Crossings with no sightings are still just as important as those with sightings and provide us with valuable data!
Due to engineering work on the Pont-Aven, I’ve spent the week on the Mont St Michel, crossing the English Channel. With reports from other ORCA surveyors about humpbacks, a blue whale, belugas and hundreds of dolphins, it’s easy to feel disappointed by my lack of sightings. Granted, it’s always more exciting (for me and the passengers!) to see lots – but it’s vital to remember that crossings with no sightings are still incredibly important and provide valuable data.
In the scientific community, there is a bias towards research with positive findings. Generally, if you don’t find anything, it’s very hard to publish the research, which means a lot of valuable information is lost. The English Channel isn’t known for its wealth of wildlife - past crossings show that sightings consist mostly of porpoises and the odd dolphin. But this data helps us look into why this might be, and what we could do to help.
Unfortunately, like most animals, cetaceans are faced with a lot of threats. It could be that cetaceans are seen less frequently here due to lack of prey from over-fishing. It could be down to habitat destruction, marine pollution, or it could be that they avoid the very busy shipping lane to evade noise pollution and potential ship strike.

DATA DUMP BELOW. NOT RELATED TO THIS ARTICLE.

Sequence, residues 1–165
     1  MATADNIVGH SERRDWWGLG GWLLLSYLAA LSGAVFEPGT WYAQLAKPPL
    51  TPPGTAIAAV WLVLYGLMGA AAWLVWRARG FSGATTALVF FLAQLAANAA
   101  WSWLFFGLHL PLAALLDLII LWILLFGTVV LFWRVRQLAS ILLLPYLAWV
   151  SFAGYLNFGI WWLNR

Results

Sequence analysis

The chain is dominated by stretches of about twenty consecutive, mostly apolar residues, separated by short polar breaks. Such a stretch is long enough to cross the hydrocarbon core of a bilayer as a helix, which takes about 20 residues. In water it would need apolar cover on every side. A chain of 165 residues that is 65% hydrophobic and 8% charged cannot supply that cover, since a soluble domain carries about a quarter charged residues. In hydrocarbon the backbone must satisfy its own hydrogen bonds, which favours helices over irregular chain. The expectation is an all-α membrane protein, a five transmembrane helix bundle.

It could also be as simple as geography, as they may prefer the more open ocean and tend to stay further west along the channel (where we get a lot more sightings).
Understanding these issues is incredibly important for cetacean conservation, and collecting this data can allow ORCA to try and combat these problems. We help to create protected areas to restore degraded habitats, such as the Special Areas of Conservation (SACs) that we have helped to create in the North Sea and the Hebrides. We can try to reduce marine pollution through our education programmes, and sit on government panels and collaborate with other organisations to create safer spaces for whales, dolphins and porpoises. In busy shipping lanes, ORCA are investigating the reasons for and effects of ship strike on large whales, to try and mitigate for this and reduce how often it happens.
Hopefully, we can create a better environment here for these incredible animals. In the meantime, I had plenty of gannets flying around to keep me company, and lots of lovely people to talk to.
I hope this week brings more luck for Rebecca!
Question of the week: “If I adopt a dolphin, will you send it to my house? Because I don’t think my mum would like that…”
Fun fact of the week: At around 4 meters, the UK has the largest bottlenose dolphins in the world due to the colder waters!
ORCA Wildlife Officer - Bay of Biscay